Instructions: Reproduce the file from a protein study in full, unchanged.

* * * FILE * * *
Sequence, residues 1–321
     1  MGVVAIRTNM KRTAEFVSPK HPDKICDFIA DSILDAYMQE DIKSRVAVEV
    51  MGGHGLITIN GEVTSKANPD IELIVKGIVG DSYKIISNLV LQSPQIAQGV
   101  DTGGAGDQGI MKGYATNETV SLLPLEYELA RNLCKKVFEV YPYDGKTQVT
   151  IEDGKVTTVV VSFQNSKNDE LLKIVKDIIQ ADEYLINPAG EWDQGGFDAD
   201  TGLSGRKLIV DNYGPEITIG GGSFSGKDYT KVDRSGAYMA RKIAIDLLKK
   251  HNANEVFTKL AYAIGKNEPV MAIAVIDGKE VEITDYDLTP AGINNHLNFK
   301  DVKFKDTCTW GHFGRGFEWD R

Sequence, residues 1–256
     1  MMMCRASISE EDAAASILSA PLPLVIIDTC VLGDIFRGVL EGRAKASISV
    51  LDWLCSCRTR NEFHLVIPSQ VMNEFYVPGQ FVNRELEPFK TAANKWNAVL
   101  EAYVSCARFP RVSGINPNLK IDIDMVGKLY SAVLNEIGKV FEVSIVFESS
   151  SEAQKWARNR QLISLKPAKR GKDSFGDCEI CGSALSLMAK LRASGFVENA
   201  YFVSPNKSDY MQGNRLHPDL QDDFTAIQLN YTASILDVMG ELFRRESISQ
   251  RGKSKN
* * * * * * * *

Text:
Sequence, residues 1–321
     1  MGVVAIRTNM KRTAEFVSPK HPDKICDFIA DSILDAYMQE DIKSRVAVEV
    51  MGGHGLITIN GEVTSKANPD IELIVKGIVG DSYKIISNLV LQSPQIAQGV
   101  DTGGAGDQGI MKGYATNETV SLLPLEYELA RNLCKKVFEV YPYDGKTQVT
   151  IEDGKVTTVV VSFQNSKNDE LLKIVKDIIQ ADEYLINPAG EWDQGGFDAD
   201  TGLSGRKLIV DNYGPEITIG GGSFSGKDYT KVDRSGAYMA RKIAIDLLKK
   251  HNANEVFTKL AYAIGKNEPV MAIAVIDGKE VEITDYDLTP AGINNHLNFK
   301  DVKFKDTCTW GHFGRGFEWD R

Sequence, residues 1–256
     1  MMMCRASISE EDAAASILSA PLPLVIIDTC VLGDIFRGVL EGRAKASISV
    51  LDWLCSCRTR NEFHLVIPSQ VMNEFYVPGQ FVNRELEPFK TAANKWNAVL
   101  EAYVSCARFP RVSGINPNLK IDIDMVGKLY SAVLNEIGKV FEVSIVFESS
   151  SEAQKWARNR QLISLKPAKR GKDSFGDCEI CGSALSLMAK LRASGFVENA
   201  YFVSPNKSDY MQGNRLHPDL QDDFTAIQLN YTASILDVMG ELFRRESISQ
   251  RGKSKN